TRASIR shows you what connection data you're sharing with the world
Whenever your browser establishes a connection with a website, that website learns a great deal about you. It knows your current IP address (and thus your country and region), your browser (or what your browser claims to be – some browsers fake this), your OS (approximately), your language, etc. In short, it gathers quite a bit of data. Some of it is inferred, most of it is only somewhat accurate, and all of it can be faked if you know what you're doing and care enough to fake it.
TRASIR takes this information and exposes it to you in a very bare-bones layout; it spits out your IP address, host, country, region, and more. The site is free from any advertising, and I somehow get the feeling that it was made to look creepy. It almost looks like a screenshot from an early 90s sci-fi film (like something that a CIA spy would have used back then).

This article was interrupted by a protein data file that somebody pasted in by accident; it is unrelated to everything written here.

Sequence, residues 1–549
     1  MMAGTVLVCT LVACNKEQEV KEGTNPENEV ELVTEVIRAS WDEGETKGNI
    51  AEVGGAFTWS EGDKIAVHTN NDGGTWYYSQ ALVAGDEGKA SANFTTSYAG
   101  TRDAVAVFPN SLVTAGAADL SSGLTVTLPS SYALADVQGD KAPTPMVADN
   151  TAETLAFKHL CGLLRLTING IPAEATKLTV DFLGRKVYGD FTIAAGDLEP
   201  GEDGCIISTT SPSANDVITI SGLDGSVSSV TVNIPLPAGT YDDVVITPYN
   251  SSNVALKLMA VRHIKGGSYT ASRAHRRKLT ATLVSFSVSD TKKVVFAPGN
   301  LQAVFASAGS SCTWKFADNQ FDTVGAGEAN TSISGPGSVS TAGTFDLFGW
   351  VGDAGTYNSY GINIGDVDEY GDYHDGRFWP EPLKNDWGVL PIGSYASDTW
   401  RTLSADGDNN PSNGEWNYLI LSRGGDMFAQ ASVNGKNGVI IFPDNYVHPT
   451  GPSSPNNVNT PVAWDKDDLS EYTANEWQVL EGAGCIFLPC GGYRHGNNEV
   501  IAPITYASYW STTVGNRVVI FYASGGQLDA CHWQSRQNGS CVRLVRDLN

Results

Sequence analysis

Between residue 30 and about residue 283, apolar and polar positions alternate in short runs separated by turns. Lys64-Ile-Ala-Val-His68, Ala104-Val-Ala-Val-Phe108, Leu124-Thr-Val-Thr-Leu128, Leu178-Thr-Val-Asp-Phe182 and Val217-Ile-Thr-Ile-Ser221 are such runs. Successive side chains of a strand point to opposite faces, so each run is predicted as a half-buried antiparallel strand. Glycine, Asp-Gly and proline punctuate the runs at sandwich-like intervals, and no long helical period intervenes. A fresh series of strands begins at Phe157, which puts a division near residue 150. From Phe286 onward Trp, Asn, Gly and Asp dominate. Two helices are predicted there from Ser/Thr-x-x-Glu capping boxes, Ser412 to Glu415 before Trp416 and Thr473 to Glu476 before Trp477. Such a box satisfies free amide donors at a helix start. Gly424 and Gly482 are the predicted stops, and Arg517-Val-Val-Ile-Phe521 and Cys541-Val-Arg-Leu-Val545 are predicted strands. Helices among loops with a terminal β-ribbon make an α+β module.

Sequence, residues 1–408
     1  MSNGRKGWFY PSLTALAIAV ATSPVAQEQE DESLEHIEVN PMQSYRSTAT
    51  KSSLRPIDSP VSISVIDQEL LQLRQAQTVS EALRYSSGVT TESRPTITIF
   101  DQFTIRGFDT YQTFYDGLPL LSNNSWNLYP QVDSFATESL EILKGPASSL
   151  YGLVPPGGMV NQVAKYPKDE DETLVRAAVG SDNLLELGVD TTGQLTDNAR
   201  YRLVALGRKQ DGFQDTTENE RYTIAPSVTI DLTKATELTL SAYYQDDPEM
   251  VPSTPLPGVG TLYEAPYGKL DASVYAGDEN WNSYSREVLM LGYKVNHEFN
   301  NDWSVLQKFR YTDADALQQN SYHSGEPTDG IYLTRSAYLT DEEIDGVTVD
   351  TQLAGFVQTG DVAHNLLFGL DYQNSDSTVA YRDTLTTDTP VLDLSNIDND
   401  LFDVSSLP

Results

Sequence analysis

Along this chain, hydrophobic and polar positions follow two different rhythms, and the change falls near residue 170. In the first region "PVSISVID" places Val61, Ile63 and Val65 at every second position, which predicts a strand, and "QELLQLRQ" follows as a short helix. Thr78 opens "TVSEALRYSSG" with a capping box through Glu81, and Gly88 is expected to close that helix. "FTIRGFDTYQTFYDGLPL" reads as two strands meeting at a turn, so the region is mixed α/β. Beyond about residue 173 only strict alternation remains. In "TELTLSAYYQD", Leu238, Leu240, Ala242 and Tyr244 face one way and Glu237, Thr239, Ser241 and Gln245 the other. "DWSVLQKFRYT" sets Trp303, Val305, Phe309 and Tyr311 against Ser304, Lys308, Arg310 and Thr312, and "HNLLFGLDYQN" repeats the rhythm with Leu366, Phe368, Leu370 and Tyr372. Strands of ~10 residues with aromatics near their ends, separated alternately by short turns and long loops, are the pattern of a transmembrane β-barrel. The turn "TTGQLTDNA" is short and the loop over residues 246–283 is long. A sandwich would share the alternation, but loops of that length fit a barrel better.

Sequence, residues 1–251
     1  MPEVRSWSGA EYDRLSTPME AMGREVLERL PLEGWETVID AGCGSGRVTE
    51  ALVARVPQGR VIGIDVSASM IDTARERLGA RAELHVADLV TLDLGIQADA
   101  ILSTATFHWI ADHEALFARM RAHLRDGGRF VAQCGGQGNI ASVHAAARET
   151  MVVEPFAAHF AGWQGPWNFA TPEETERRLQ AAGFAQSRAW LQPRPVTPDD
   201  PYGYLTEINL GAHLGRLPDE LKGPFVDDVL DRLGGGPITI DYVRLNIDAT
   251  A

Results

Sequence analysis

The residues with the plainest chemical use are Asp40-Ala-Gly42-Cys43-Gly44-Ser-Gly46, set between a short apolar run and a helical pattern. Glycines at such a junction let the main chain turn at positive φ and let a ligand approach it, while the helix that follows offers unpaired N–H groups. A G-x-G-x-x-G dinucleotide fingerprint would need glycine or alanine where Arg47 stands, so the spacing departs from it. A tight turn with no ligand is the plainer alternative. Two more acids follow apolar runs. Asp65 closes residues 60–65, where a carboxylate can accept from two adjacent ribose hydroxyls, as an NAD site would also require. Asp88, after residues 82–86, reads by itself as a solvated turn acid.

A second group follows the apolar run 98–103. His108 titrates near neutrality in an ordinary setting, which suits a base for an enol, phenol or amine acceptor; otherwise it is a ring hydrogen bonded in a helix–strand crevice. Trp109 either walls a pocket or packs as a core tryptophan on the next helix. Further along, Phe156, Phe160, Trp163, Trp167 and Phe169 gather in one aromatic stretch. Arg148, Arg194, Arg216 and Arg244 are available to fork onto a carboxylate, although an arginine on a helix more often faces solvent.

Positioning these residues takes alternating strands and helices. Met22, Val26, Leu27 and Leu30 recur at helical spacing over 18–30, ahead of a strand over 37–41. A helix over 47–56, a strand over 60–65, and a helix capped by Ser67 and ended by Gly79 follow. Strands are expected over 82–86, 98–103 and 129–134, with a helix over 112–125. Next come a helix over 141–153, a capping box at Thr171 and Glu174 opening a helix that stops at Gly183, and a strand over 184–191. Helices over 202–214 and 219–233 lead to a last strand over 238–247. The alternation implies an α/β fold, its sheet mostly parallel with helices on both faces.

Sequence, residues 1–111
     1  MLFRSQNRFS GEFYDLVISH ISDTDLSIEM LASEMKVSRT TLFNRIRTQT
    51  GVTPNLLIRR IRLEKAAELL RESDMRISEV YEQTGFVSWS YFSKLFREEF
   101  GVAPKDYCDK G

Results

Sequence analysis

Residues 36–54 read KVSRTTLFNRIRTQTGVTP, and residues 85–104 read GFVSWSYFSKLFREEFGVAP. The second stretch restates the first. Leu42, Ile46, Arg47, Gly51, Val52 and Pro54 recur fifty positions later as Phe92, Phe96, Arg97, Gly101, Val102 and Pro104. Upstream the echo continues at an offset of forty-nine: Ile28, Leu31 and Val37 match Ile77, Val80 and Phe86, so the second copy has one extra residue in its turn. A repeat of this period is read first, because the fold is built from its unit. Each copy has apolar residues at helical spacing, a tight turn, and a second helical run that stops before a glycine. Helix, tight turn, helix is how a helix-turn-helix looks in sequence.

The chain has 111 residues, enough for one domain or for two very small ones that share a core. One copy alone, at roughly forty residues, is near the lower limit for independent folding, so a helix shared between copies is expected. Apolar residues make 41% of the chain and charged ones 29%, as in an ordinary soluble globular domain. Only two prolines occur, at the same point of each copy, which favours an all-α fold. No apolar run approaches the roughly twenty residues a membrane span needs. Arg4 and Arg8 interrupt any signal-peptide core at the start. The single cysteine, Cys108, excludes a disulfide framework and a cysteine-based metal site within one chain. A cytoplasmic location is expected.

This sort of thing can be useful for explaining to your less-nerdy friends and family why you're so concerned with online privacy. It's interesting to access it under Private Browsing ("porn mode") in Chrome and Firefox, because you could then show whoever you're trying to educate how much information the site possesses about you once you access it, even if the local browser doesn't retain it.